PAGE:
A huge change to constituencies across the UK may cost the Labour party a huge number of seats, possibly wiping out their chances of forming a Government again. Having lost Scotland to the SNP further cuts in their MP numbers would leave them a huge task to win a majority in future elections.
Their situation is not helped by Corbyn’s current poll ratings, which are said to be the worst since 1950. His own seat is due to be abolished due to these boundary changes. The Labour Leader’s Islington North seat will be replaced by Finsbury Park and Stoke Newington.
The Conservative Party has been accused of rigging the system as Labour could lose 23 seats under the new plan. Labour MP Jon Ashworth said it was an “affront to democracy”, adding: “It’s about the Tories trying to gerrymander the system to benefit themselves.”
Tory areas have faired much better from the changes, and have only lost a handful of constituencies. East Anglia will lose just one, going from 58 to 57, and the South East two, from 83 to 81. Additionally Ex-Chancellor George Osborne’s seat is to be axed, which might bring a crumb of comfort to Labour supporters who feel they are being marginalised by these changes.
Katie Ghose, of the Electoral Reform Society, said: “This boundary review, on the basis of registered electors, rather than actual population, risks skewing democracy.
“Areas with the lowest levels of registration are often those that already have the least voice.
“Young people, some ethnic minorities and those in the private rented sector are less likely to register to vote than others.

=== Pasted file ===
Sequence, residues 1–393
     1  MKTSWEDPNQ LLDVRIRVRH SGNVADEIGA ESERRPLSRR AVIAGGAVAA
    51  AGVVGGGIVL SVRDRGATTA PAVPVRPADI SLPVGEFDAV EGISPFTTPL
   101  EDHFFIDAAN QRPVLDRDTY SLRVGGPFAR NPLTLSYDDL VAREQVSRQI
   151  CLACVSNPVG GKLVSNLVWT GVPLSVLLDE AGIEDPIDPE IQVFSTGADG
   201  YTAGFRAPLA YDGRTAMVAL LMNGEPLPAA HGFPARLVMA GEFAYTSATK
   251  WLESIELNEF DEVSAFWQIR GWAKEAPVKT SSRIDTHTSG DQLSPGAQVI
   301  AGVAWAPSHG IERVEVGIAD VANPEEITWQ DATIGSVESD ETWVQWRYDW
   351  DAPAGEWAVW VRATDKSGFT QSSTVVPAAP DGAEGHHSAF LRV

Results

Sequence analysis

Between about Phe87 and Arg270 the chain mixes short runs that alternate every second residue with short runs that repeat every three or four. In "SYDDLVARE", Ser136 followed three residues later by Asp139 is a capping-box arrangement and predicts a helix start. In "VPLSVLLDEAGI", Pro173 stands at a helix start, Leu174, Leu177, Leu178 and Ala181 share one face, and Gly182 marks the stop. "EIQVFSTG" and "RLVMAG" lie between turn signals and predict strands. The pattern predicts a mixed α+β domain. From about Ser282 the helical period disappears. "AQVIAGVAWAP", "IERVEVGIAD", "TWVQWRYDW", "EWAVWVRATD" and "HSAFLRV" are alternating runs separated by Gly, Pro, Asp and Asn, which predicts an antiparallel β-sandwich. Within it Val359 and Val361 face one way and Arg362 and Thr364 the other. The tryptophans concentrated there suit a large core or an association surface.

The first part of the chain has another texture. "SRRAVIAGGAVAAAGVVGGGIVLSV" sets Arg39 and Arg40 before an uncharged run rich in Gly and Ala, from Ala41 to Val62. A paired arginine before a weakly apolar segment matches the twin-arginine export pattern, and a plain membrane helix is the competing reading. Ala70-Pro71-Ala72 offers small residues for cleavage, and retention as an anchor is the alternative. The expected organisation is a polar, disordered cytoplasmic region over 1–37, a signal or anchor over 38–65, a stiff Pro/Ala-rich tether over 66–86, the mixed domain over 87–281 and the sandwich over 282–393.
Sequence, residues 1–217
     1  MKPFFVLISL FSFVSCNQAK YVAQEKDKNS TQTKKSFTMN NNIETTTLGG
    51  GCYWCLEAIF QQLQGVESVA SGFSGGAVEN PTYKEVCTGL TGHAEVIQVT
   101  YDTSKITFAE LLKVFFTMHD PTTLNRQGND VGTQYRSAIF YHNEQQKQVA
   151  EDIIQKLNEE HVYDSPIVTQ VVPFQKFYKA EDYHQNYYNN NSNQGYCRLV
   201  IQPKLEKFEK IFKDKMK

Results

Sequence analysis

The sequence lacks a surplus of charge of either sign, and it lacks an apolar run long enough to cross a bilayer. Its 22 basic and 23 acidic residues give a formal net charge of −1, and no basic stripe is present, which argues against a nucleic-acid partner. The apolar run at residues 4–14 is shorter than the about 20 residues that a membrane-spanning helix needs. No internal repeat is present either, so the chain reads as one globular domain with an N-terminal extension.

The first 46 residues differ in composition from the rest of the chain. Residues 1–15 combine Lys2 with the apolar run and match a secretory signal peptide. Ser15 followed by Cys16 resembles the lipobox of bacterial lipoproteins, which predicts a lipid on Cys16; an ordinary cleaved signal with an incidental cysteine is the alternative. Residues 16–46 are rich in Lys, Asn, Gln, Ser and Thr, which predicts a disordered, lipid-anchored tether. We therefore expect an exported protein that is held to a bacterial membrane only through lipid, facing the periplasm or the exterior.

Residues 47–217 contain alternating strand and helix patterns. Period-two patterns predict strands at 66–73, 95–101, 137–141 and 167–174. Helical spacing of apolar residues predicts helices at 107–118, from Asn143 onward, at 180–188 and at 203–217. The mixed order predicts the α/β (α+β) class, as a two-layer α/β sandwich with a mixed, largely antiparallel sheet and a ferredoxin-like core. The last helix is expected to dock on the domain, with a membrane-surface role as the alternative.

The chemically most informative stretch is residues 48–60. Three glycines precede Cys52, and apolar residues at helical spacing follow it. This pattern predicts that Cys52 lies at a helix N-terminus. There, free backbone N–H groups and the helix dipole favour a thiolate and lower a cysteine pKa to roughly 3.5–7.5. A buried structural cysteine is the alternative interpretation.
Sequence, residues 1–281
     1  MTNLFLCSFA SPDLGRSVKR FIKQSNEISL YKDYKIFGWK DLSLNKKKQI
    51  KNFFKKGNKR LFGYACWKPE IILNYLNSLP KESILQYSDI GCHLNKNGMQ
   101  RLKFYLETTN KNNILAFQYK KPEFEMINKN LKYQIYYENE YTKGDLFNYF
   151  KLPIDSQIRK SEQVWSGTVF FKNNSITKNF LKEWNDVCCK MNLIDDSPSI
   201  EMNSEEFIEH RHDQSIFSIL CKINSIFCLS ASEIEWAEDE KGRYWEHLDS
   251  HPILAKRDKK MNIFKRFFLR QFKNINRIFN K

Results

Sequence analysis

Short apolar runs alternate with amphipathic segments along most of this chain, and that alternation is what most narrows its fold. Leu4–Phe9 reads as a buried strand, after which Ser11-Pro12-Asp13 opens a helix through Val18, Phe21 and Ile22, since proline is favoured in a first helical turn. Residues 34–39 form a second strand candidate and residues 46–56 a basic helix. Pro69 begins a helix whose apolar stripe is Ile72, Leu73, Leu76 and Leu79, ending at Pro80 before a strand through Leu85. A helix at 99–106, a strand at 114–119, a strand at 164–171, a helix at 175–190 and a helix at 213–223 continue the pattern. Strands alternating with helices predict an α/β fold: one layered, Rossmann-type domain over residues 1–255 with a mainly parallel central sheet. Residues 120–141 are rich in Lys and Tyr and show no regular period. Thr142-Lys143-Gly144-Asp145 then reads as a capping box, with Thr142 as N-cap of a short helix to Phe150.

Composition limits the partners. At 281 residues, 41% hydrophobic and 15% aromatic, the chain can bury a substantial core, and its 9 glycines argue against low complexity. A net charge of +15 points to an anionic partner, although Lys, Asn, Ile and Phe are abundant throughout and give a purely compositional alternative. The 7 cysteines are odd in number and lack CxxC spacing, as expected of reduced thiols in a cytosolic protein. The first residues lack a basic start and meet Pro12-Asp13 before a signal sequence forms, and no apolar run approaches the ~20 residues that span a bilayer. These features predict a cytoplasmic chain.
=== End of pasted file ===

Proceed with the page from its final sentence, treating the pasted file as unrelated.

“That makes many of them effectively cut out of the new political map.”
These changes have come in because the number of MPs has been cut from 650 to 600. The number of MPs in England will fall from 533 to 501, 59 to down to 53 in Scotland, 40 to 29 in Wales, and 18 to 17 in Northern Ireland.
The new electoral areas will be contested in the 2020 election using the 2015 electoral roll figures. However, almost two million voters have dropped off the register due to changes in then registration procedure, brought in by the Conservative party. There are many people in these areas eligible to vote but are not factored into the boundary changes.
Under the new rules all seats must have between 71,000 and 78,000 voters. Currently some have over one hundred thousand and others just over fifty thousand.
Chris Skidmore, minister for the constitution, said: “Equalising the size of constituencies in the Boundary Review will mean everyone’s vote will carry equal weight. As it stands, some constituencies have twice as many electors than other constituencies and this cannot be right.”